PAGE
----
When we look at the the overlap between the Ruby Community - we see the following overlaps:

Is there some linguistic similarity that has lead to this crossover?


In a way, Ruby is a "stealth lisp." It allows (and encourages) more metaprogramming than most other languages of its class, even the directly comparable Python. I am thinking here of the famous post, Ruby is an Acceptable Lisp. There are limitations, however; functions are not really first-class objects (calling a lambda or a Proc is horrific, for example), you can't truly redefine the language as you can with macros, and so on.

It makes sense that people who are attracted to Ruby, which has until this point been the most practical and popular language that encouraged a lot of metaprogramming, would be attracted to a language which has better libraries (via the JVM), runs faster than Ruby, is truly functional, is dynamically typed, and encourages metaprogramming to an even greater degree than Ruby. I would hypothesize that you'll also see a greater crossover from the Python and Haskell communities to Scala.

  • This is quite similar to the answer on Quora.
    – hawkeye
    Dec 15 '13 at 23:12

Here are my two cents. Both languages target the same market:

  • web applications
  • dynamically typed
  • new and shiny (vs c++, java, c#)

Ruby is not really new and shiny anymore, and that would be one of the explanation for the shift of some companies toward clojure. Except from that, clojure has some advantages:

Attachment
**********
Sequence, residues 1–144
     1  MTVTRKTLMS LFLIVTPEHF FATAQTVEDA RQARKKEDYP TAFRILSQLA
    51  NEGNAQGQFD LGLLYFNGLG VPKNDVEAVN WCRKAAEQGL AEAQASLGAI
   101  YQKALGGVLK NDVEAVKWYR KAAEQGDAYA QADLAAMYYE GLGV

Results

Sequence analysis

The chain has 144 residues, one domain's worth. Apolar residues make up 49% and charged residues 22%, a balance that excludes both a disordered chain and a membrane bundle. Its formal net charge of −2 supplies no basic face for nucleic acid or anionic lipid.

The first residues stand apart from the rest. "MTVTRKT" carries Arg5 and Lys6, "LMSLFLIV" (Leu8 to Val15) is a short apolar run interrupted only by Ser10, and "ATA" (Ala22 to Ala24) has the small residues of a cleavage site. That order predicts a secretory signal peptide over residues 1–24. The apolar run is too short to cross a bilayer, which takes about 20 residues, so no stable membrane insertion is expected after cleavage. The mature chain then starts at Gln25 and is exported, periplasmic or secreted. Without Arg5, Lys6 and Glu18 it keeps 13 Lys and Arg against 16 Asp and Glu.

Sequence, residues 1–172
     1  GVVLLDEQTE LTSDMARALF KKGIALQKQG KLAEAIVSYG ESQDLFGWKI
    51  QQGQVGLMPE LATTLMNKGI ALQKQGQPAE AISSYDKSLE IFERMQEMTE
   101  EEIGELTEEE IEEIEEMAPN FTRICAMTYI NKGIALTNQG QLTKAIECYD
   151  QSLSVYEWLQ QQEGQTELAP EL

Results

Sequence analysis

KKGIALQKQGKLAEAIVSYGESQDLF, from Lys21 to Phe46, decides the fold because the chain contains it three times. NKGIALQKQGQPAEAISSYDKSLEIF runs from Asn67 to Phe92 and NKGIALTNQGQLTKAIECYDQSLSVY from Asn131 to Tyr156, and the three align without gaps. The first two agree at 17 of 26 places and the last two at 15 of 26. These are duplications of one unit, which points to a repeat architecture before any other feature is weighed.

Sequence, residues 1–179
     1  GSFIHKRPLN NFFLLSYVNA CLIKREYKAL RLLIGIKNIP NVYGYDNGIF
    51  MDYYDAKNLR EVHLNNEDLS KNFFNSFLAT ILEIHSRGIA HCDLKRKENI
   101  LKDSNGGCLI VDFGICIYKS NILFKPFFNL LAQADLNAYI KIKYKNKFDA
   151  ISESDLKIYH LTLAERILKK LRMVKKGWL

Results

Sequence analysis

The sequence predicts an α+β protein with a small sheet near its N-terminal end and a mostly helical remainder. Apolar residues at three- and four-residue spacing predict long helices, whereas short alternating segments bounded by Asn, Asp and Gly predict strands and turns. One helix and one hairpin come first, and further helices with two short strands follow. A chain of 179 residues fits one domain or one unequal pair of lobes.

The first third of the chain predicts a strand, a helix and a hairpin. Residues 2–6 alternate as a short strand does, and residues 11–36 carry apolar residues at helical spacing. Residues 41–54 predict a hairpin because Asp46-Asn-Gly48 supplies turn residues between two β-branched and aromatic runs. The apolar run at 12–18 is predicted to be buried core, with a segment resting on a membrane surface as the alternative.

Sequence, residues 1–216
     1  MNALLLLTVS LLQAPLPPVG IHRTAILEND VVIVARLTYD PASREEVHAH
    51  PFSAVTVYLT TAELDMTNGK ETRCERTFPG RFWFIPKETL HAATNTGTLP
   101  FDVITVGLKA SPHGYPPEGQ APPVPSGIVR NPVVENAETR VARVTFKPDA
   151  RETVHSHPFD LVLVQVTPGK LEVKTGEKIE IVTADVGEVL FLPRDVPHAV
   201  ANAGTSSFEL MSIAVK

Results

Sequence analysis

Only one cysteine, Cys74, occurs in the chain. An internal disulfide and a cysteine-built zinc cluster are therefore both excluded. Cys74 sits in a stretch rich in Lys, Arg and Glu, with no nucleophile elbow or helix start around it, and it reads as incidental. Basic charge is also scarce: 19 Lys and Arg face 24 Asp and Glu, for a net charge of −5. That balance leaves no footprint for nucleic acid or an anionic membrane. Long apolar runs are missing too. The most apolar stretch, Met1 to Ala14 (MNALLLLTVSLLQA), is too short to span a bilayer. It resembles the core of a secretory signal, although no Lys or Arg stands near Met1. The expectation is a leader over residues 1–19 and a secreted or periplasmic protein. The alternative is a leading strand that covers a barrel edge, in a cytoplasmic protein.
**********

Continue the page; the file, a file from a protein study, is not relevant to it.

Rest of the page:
• heavy use of immutable data structures
  • clean & modern lisp syntax

Although clojure is fairly new, some tools like lighttable/emacs have enough momentum to create a good enough working environment. Clojure is also relatively easy to learn (compared to haskell).

So I would say that some people are attracted to clojure because it's new and they want to explore the functional paradigm.


Ruby projects in general appear to scale toward the JVM. Both Twitter and Tumblr began as Ruby projects but now make extensive use of Scala. The JVM gives you access to powerful new tools like Hadoop and the various distributed databases and search utilities.

Ruby tends to find the most use on Macs and Linux-based systems. Thus you want an option that scales to those systems' strengths. You say Mono? Mono could work but is still fundamentally an immature ecosystem compared to the JVM. Particularly regarding language support outside C#

So why then Clojure? Clojure helps smooth some of the problems that large distributed projects face. Functional languages tend to scale better with large sets of concurrent data than Object Oriented languages do. It's also easier to move from Ruby to a Lisp than it is to move to Scala which is more like an ML (SML, OCaml, Haskell, etc). You could use JRuby but again, it's still going to suffer some of the limitations of a pure OO language.

Lastly, Ruby is mostly popular as a web language because of Rails. Yes, there are other options but Rails is the overwhelming majority in terms of deployment. Using Clojure gives you access to all manner of mature web solutions, being designed to function in that environment from the get go rather than adopted into that role 10 years after initial release.

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